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My ex student developed a useful program while working with me and some other students/postdocs in my group.

Nowadays the student is a postdoc at a European university. She has a copy of the code and applies it sporadically. Recently she informed me that her current supervisor requested her to share this code with him, in quite a rude way, because she used the code to compute something for her ongoing job at her university.

There is no reason to share the code and I, as a coauthor, rejected that. What should be her correct answer to her current supervisor?

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    Her correct response to you should be "show me the paperwork that I signed saying I wouldn't share the code with anyone, else buzz off." – Mad Jack Feb 5 '16 at 18:54
  • @MadJack I think the key is "in ... a rude way" - what is rude about the request? Who does the code legally belong to? Is he entitled to see it, or are there reasons why she shouldn't use/divulge/share it? What is the current license of the code (if at all)? Are you using the code for current research that competes with the new group? Are you happy for her to use, but not share it? Do you have the right to stop her using it? These questions are all relevant here. – Captain Emacs Feb 5 '16 at 19:08
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    There are plenty of reasons to share the code. One is, for example, that it is obviously useful and therefore other people don't have to spend the time reinventing the wheel for no reason. You might have some valid reasons for not sharing the code, but please don't say there is no reason for it. There are plenty of reasons. Sharing is caring – user2173836 Feb 5 '16 at 19:23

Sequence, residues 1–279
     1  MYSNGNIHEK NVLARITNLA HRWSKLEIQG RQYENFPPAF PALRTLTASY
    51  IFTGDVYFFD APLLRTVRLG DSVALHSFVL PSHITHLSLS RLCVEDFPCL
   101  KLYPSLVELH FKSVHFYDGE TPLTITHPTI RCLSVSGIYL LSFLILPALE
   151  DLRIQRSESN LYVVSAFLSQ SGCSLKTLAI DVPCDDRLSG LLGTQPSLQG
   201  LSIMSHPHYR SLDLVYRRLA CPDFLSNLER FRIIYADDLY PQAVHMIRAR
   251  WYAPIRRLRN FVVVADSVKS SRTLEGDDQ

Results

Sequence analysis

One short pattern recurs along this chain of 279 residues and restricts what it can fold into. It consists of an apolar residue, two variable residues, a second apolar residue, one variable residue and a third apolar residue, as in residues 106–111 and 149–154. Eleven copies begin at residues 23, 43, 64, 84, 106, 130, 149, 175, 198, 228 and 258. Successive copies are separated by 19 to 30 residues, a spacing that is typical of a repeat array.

• @MadJack: the answer to that question may be the employment contract the postdoc had with the OP (or rather the OP's university) :-/. Implying that possibly even the OP isn't legally able to allow sharing of the code (nor her taking the code with her). OTOH, it is also possible that the ex student together with the other students of the group are the owners (this is e.g. typically the case for master students in Germany - there's no automatic transfer of the work to university here). – cbeleites supports Monica Feb 6 '16 at 12:36
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1) In retrospect it would obviously have been useful to establish general rules about using the code in advance. Is the code public? Is it available for use by any of the original co-authors without having to include the other authors on future publications? Can it be shared with or without consent from the original co-authors? Any of these rules are fine, they just have to be agreed on in advance.

2) Now that the code was used in a new project I strongly sympathize with the request of your students supervisor. I would be very uncomfortable publishing a paper based on a code that I have no access to. It means that I cannot verify the results in my own paper!

3) In sharing the code with colleagues it is perfectly o.k to restrict future use. You can say ``I'm sharing this code for the purpose of verifying the work on your current project, but if you wish to use it in the future you have to ask permission/include an acknowledgement/add me as co-author/etc. (whatever you and your authors feel is appropriate)".

4) Personally, I am strong believer in open software. If you publish a paper based on a code, the code should be made public. However, this is not a commonly accepted standard, and restricted and proprietary codes are common in many areas of science.